Sleep: Why Successful Entrepreneurs Snooze More and Work Less Get more out of your day by taking care of yourself at night.
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The value placed on sleep has plummeted in recent years as members of the business community have continued to to brag about how many hours they've clocked, versus how many hours of sleep they've lost.
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Sacrificing sleep may seem to make sense, considering that entrepreneurs' to-do lists are often lengthy and their time limited, as they try to scale their businesses for the future. However, sleep loss actually isn't a productive way to be more successful; in fact it dilutes entrepreneurs' ability to perform during the work day.
This message is beginning to get through. Now that prominent business leaders like Jeff Bezos and Arianna Huffington have begun advocating for a healthy amount of sleep, the sleep-deprived entrepreneur will hopefully become a thing of the past.
The misconception: Sleep is wasted time
You've probably heard people advocating for 20-minute naps every few hours or for sleep times of just four hours a night. Such fabled sleep schedules are heralded for providing additional waking hours to (supposedly) get more done. But the belief in more benefits from less sleep has been proven to not be the case for most of us. Certainly, it's not the norm.
Those who are sleep deprived in fact have been shown to be more irritable, forgetful and anxious, and to suffer other mental effects. Those not sleeping enough also lack concentration, coordination and energy throughout the workday. A combination of any of these effects is hardly optimal for achieving success, especially when running a business.
Other health effects have been found when someone isn't sleeping enough. The human body lacking sufficient sleep is more likely to gain weight, have higher blood pressure and be at a higher risk for diabetes and heart attacks. So, if you're running a company, pay attention to your sleep cycle; that way, you won't pay the price. Keeping your body in tip-top shape will also ultimately mean less time out of the office due to poor health, and more time for the (nonwork activities) you love.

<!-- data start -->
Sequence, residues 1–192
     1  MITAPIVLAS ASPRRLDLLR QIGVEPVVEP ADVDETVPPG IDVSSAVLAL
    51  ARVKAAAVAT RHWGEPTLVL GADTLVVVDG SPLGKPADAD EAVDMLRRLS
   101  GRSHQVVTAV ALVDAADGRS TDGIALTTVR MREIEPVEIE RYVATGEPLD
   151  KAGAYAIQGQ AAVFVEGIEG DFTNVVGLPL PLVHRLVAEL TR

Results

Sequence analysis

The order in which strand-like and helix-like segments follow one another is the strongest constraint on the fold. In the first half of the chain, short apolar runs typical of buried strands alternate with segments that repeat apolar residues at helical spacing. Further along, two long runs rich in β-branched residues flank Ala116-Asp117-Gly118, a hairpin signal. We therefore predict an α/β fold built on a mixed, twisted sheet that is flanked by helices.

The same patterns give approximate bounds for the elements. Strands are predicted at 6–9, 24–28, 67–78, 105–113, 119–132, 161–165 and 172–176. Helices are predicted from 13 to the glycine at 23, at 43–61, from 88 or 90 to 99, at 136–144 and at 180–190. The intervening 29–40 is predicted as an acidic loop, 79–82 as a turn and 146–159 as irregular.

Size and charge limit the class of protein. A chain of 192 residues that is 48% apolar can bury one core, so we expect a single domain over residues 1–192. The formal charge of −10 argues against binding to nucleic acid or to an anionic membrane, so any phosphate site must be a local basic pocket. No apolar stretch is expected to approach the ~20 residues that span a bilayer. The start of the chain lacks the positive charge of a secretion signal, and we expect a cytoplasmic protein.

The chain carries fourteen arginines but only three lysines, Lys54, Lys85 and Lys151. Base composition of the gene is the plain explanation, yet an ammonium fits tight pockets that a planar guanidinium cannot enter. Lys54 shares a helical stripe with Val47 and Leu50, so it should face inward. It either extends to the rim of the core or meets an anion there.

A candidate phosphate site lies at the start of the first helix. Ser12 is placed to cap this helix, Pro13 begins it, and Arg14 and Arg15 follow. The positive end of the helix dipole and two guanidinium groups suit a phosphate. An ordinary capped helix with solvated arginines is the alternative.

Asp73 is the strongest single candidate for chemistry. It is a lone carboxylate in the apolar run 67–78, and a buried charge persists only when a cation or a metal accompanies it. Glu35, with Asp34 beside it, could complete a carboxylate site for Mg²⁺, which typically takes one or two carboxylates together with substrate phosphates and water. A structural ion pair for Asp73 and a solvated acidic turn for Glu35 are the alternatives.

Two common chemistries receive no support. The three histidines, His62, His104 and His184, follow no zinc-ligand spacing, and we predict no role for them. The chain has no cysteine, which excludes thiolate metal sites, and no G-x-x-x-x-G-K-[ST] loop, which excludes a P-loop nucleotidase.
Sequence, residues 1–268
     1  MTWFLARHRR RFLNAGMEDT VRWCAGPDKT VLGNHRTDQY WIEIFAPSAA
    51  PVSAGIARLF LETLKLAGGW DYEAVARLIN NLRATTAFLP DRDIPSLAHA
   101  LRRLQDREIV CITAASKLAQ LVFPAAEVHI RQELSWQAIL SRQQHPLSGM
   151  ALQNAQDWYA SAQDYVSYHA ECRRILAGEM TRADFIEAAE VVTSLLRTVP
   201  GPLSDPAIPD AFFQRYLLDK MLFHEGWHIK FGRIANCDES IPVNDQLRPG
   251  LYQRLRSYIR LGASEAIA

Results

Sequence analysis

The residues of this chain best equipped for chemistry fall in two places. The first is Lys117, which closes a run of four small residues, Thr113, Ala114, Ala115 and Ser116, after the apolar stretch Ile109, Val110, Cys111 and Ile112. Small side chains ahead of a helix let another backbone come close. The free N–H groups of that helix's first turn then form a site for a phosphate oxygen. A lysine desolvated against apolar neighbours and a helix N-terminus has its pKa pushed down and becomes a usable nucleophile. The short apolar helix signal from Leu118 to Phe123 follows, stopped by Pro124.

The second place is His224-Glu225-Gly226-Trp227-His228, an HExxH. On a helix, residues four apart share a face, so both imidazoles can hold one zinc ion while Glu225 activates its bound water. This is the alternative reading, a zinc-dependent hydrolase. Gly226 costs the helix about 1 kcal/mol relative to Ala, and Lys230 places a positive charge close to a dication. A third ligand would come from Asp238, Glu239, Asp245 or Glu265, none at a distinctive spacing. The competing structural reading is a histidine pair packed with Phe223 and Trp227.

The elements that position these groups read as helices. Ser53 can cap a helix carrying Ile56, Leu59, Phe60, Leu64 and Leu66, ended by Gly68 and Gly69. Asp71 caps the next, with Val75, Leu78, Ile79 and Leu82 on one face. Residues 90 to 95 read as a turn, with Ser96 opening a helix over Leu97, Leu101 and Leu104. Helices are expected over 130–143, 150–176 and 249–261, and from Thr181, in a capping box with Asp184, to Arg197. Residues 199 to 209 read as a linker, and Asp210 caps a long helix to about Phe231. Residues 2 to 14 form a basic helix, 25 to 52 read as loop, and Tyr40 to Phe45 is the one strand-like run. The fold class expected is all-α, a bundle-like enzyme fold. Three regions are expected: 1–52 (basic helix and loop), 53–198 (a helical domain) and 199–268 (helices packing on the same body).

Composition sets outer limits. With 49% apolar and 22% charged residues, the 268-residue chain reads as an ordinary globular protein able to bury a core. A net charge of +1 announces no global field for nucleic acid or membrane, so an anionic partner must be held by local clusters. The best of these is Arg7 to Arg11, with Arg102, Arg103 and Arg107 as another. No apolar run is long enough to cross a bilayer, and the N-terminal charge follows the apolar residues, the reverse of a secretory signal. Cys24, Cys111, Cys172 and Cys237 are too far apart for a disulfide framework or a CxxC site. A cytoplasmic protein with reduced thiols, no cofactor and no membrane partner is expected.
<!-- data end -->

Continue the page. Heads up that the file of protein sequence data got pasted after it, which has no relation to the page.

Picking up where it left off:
Here's another issue: If you're sleep deprived for more than a few nights, you will accrue a "sleep debt." This debt can't be fixed with just one "make-up" night of great sleep. In fact, the effects of sleep deprivation will remain steadfast until you rectify your sleeping behavior long term. The common assumption that "If I don't sleep, I can make it up later" is completely false.
So, while lack of sleep may be a badge of honor for some businesspeople, don't be one of them. Instead, incorporate some of the following tips to make time for sleep in your busy schedule.
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1. Create a healthy sleep schedule.
Analyze your day, from when you wake up to the time you lie down at night. Understanding how your day works and where you're using your time will allow you to build a sleep schedule that perfectly suits your needs. The average adult needs anywhere from seven to nine hours of sleep a night to feel well rested. That's time asleep, not just in bed. Usually, it takes about 15 minutes for someone to fall asleep, so take that time into account, as well.